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Apple just gave Mac gamers a big reason to be excited

When Apple announced it would revolutionize the world of Mac gaming at its Worldwide Developers Conference (WWDC) in June, many people were skeptical. But the latest update to the company’s Game Porting Toolkit has made some important changes to how games run on the Mac — and the results are impressive.

The toolkit allows developers to move their Windows games across to macOS Sonoma. Games makers can test out how well their products run on Apple’s hardware and find out what they need to do to make the jump, something that Apple says ends up “significantly reducing the total development time.”

Craig Ferguson introducing Mac Gaming at WWDC.

According to YouTuber Andrew Tsai, the 1.02 version of the Game Porting Toolkit brings a whole host of improvements, from better frame rates and stability to restored features and greater compatibility with Windows games. In other words, it’s a sizeable step forward for Mac gamers and game developers alike.

Tsai tested a number of games and saw enhancements across the board. For instance, using an M2 Ultra chip, Cyberpunk 2077 averaged around 20 frames per second (fps) running at 1080p low settings. You may scoff at that, but it’s a drastic improvement over the puny 8 fps that resulted from the last version of the Game Porting Toolkit. And this is a game running through various translation layers instead of natively — that the toolkit more than doubled the game’s frame rate despite these restrictions is impressive.

Intriguingly, Tsai said the M1 Max chip hit around 36 fps with Cyberpunk 2077 running at 1440p medium settings. Why did the game get higher frame rates using a weaker chip and more demanding settings? That’s likely due to Apple silicon. The M2 Ultra features two Max-tier chips fused together, and it’s possible that the Game Porting Toolkit doesn’t fully support this yet due to its early development stage. Once Ultra chips are properly supported, the performance increase could be significant.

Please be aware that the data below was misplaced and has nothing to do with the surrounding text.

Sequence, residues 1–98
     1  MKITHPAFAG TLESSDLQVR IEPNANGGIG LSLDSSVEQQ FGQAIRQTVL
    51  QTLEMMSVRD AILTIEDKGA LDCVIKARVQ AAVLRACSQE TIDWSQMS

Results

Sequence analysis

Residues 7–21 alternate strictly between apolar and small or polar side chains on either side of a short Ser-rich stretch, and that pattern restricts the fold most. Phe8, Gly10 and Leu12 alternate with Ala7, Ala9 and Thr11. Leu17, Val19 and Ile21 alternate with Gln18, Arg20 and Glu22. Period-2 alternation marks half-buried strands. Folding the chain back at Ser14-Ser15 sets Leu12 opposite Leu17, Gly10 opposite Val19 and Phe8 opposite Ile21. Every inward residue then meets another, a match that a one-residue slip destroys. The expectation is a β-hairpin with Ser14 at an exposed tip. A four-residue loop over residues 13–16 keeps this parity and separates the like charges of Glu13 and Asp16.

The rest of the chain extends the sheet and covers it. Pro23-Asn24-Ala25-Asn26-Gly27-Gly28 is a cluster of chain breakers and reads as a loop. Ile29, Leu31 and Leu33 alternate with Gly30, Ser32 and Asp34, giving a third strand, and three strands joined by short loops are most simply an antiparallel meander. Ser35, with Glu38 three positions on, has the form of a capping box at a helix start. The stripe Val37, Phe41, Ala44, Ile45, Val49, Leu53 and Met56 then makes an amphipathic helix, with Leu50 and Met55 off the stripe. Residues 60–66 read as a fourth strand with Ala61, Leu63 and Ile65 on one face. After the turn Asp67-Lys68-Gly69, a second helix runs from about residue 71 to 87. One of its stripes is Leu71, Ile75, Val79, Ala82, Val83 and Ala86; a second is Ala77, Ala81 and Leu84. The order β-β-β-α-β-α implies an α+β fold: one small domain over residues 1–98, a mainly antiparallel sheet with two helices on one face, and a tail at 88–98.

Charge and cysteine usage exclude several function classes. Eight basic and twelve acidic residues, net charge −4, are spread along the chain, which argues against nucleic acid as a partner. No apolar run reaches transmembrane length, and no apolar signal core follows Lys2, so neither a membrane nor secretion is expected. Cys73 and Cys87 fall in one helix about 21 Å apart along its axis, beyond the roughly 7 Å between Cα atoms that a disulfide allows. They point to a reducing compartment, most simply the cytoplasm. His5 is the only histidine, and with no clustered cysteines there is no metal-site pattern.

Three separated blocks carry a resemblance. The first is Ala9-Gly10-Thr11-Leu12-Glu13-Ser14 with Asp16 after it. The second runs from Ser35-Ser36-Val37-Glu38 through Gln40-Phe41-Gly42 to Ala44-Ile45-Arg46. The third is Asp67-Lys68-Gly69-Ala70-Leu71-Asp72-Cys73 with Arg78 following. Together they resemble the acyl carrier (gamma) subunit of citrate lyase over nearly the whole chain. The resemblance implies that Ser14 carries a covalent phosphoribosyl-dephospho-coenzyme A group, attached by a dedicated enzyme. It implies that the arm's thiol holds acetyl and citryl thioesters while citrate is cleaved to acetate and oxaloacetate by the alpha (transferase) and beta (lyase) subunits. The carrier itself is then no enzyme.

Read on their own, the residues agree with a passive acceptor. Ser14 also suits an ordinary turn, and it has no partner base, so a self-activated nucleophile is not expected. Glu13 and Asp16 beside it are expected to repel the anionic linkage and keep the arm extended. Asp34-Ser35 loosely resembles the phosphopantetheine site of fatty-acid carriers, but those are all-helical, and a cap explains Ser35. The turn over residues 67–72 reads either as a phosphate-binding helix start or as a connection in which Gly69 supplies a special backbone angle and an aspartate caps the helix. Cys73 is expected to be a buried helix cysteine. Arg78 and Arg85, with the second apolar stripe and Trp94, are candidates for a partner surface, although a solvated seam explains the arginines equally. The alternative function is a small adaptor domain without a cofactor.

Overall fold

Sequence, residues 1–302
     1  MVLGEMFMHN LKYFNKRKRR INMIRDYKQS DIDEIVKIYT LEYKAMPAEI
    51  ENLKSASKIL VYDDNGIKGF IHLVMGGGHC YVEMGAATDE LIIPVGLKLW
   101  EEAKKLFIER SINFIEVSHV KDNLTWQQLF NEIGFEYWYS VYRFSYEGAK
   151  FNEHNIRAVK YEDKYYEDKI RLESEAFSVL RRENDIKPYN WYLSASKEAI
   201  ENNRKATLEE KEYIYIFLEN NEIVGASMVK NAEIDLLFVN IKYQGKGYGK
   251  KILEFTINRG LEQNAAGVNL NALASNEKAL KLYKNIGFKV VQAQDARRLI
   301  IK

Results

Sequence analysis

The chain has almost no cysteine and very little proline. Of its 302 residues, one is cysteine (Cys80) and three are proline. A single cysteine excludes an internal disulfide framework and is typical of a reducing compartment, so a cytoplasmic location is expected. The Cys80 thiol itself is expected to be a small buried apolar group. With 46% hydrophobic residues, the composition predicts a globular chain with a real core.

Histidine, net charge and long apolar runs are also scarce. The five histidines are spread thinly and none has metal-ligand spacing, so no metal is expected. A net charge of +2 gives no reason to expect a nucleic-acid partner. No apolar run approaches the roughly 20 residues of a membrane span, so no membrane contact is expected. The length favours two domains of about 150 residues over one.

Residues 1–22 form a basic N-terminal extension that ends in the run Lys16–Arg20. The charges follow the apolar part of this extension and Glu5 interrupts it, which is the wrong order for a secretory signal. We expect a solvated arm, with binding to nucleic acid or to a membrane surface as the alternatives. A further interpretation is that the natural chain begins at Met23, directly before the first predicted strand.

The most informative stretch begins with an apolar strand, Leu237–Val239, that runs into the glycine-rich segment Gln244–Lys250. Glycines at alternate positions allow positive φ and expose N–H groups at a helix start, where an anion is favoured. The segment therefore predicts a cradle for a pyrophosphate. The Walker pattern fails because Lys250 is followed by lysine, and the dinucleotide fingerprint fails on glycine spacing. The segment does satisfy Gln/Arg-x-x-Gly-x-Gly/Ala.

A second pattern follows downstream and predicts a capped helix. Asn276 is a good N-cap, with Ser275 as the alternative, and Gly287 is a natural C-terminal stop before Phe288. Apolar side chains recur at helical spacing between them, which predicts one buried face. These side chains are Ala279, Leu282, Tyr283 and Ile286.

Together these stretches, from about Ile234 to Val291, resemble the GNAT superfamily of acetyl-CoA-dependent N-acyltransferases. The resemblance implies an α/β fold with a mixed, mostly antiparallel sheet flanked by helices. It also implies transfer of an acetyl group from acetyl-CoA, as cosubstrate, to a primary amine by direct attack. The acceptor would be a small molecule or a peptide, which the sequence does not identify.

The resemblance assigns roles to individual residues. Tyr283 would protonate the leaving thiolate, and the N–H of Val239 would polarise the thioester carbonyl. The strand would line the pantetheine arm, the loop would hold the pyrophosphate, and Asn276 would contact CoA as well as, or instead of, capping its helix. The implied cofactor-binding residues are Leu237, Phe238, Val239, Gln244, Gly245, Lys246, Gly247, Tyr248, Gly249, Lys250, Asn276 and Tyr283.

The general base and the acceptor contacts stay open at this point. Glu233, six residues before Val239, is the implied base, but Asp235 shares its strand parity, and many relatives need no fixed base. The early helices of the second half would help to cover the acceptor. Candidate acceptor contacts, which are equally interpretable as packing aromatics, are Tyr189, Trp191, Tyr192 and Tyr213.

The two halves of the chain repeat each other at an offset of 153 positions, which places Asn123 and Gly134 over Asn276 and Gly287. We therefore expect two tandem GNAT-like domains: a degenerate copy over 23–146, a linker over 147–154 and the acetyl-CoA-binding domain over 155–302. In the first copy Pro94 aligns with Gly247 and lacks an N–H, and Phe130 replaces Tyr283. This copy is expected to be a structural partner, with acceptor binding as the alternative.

Better game compatibility

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Elden Ring running at 1080p resolution, meanwhile, gained around 5 frame rates per second (fps), or about 20%. Tsai cautioned that while the uptick wasn’t huge, it was running through three translation layers (Windows to macOS, x86 to ARM64, and DirectX to Metal). If the game gets a native macOS release, its performance could be even better.

Aside from frame rate increases, the latest version of the toolkit has added compatibility for several popular games. Horizon Zero Dawn, for example, now runs properly (although there are some slight dialog glitches), while Resident Evil 2 (2019) and Devil May Cry 5 can be played without the crashes they previously experienced.

Finally, the toolkit’s 1.02 update has reintroduced support for 32-bit games, which was dropped in the preceding version.

Hope for the future

Image used with permission by copyright holder

Although the toolkit is designed for developers, it can also be used by Mac gamers to play DirectX 12 games that previously would not have worked on Apple’s hardware without third-party porting software like CrossOver.

But before you get excited about using the Game Porting Toolkit to start playing games right away, it’s not very user-friendly for inexperienced coders. As Tsai demonstrates, it requires a whole heap of Terminal commands to get it updated and running.

Still, if you don’t mind a little coding, it could bring some tremendous improvements to your Mac gaming sessions. If developers decide to take advantage of it, there could be a bright future ahead for Mac gamers.

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